In this last example, a single lesion is observed in the femoral shaft. He was treated with a blocked femoral nail. We observed the progression of the injury each month, complaining of pain and difficulty walking that progressively worsened. Note the local destruction and instability of osteosynthesis, figures 20 to 26.
Figura 24: Cintilografia detectando apenas uma lesão. Figura 25: Pequena lesão diafisária de metástase de câncer renal.
Figure 24: Scintigraphy detecting only one lesion. Figure 25: Small diaphyseal lesion from kidney cancer metastasis.
Figura 26: Osteossíntese, sem ressecção da lesão. Figura 27: Progressão da lesão, dor e incapacidade de caminhar.
Figure 26: Osteosynthesis, without resection of the lesion. Figure 27: Progression of the injury, pain and inability to walk.
iguras 28 e 29: Aumento acentuado do tamanho da lesão, dor e impotência funcional.
Figures 28 and 29: Marked increase in the size of the lesion, pain and functional impotence.
Figura 30: Necessidade de reoperação. Cicatriz da nefrectomia-seta vermelha e cicatriz do bloquei da haste-seta amarela.
Figure 30: Need for reoperation. Nephrectomy scar-red arrow and rod block scar-yellow arrow.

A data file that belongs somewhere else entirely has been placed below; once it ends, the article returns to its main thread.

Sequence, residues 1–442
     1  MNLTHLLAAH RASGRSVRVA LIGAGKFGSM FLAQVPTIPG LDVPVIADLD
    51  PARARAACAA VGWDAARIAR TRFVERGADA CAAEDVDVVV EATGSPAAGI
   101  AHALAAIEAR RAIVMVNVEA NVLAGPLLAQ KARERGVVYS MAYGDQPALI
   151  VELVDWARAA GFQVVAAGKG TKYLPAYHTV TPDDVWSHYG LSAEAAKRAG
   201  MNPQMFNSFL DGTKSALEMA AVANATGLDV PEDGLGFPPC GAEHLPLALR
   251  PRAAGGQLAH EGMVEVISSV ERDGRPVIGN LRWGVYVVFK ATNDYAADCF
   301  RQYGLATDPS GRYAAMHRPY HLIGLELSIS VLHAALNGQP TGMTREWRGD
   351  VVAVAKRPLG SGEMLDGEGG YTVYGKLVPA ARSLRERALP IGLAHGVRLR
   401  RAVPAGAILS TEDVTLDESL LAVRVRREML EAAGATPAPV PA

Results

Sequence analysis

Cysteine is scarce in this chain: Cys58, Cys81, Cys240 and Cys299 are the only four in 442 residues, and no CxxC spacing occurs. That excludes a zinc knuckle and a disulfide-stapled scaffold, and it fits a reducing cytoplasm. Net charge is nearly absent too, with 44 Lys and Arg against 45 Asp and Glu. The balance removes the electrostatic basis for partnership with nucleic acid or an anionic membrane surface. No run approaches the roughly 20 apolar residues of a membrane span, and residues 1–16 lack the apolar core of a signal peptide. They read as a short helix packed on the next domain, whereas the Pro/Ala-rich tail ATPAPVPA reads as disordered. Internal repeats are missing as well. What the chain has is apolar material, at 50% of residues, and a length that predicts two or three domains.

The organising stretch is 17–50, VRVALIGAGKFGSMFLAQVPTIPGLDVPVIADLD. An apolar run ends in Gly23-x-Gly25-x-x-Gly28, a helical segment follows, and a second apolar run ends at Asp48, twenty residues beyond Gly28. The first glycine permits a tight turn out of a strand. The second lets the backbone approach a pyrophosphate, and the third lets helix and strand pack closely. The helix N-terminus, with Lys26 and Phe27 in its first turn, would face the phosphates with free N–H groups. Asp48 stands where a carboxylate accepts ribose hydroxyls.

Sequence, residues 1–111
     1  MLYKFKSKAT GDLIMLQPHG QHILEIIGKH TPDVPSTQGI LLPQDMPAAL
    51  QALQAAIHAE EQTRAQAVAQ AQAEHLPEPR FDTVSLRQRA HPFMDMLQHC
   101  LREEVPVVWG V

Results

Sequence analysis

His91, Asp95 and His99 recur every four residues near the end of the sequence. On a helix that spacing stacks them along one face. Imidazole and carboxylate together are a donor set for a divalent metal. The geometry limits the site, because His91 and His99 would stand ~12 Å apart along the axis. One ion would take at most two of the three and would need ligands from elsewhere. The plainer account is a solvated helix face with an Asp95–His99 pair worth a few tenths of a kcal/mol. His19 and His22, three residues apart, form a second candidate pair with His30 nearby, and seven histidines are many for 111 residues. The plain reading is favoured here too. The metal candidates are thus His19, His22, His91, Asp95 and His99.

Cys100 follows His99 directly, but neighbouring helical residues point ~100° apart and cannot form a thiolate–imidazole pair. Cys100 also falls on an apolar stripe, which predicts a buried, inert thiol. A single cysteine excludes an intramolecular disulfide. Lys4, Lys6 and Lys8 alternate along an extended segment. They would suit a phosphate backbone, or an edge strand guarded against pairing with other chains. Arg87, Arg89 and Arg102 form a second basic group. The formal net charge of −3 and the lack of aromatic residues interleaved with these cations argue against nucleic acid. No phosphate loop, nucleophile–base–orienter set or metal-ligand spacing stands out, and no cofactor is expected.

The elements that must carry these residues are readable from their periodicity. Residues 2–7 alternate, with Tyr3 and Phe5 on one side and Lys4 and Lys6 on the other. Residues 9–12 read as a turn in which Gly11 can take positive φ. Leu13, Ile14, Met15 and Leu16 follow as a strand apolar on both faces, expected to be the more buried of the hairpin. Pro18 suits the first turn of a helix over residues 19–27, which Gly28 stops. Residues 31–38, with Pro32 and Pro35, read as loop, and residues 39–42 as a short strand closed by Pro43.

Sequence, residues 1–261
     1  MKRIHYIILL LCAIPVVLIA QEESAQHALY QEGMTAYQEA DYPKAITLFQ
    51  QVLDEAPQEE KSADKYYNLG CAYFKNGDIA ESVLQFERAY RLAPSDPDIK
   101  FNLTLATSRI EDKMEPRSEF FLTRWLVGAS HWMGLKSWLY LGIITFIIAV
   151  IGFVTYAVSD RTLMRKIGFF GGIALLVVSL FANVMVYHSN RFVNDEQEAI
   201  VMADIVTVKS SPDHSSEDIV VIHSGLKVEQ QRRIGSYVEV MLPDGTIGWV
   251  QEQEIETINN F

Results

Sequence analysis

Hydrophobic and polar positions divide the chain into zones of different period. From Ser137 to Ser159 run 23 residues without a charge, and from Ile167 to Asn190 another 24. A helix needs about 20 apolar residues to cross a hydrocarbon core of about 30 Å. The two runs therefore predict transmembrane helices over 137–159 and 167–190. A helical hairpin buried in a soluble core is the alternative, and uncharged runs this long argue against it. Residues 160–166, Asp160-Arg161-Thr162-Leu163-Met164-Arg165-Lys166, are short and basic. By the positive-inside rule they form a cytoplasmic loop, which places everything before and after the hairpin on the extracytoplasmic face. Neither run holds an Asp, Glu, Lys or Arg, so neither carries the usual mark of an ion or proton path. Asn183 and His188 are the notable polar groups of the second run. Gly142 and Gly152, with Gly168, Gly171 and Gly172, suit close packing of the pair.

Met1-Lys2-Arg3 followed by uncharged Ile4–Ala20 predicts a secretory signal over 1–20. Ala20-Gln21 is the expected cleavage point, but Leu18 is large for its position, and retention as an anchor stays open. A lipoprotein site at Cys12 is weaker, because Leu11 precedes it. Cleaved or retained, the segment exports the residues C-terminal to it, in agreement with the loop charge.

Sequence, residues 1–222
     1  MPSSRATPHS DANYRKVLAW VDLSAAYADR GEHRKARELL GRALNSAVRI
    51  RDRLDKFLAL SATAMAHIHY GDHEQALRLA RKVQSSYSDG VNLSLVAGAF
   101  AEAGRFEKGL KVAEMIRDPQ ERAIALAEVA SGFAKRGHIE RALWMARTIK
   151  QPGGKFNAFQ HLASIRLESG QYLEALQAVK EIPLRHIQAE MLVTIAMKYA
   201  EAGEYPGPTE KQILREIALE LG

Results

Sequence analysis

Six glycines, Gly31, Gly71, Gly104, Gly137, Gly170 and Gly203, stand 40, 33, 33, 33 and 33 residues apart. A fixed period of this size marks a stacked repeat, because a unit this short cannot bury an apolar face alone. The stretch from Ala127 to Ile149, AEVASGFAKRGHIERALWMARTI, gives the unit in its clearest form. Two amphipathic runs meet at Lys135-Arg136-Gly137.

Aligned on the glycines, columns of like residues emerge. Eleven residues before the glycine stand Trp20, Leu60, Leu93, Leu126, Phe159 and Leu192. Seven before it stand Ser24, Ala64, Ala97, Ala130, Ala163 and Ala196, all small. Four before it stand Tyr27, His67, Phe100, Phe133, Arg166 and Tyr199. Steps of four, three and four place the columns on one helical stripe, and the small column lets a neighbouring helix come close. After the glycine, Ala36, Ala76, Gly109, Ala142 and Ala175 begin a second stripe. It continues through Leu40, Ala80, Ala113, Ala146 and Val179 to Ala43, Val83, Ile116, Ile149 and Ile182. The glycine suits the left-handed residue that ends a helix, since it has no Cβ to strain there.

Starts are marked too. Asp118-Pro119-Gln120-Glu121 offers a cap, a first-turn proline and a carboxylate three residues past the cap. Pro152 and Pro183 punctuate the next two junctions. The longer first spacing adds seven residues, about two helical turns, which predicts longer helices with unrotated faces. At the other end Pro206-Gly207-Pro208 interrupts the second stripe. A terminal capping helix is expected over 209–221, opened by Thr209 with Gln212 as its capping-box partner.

The patient underwent re-operation, with the locking screws and femoral stem removed, the injured segment resected and reconstructed with a diaphyseal prosthesis.

Figura 31: Retirada do parafuso de bloqueio.
Figure 31: Removing the locking screw.
Figura 32: Mensuração do tamanho da endoprótese diafisária.
Figure 32: Measurement of the size of the diaphyseal endoprosthesis.
Figura 33: Cimentação do componente proximal.
Figure 33: Cementation of the proximal component.
Figura 34: Cimentação do componente distal.
Figure 34: Cementation of the distal component.
Figura 35: União e cimentação dos dois componentes.
Figure 35: Union and cementing of the two components.
Figura 36: Radiografia de controle. Figura 37: Função restabelecida. Carga autorizada no pós operatório imediato.
Figure 36: Control x-ray. Figure 37: Function reestablished. Load authorized in the immediate post-operative period.

The patient can walk from the first day after surgery, being able to return to their work activity and complementary treatment of the underlying disease.

These examples illustrate the difficulties in approaching pathological fractures and the need for professionals with experience in treating these injuries.

See fracture of the femoral neck in a child due to a simple bone cyst.

See incomplete fracture of the femoral neck in an adult due to renal metastasis.


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Author: Prof. Dr. Pedro Péricles Ribeiro Baptista

 Orthopedic Oncosurgery at the Dr. Arnaldo Vieira de Carvalho Cancer Institute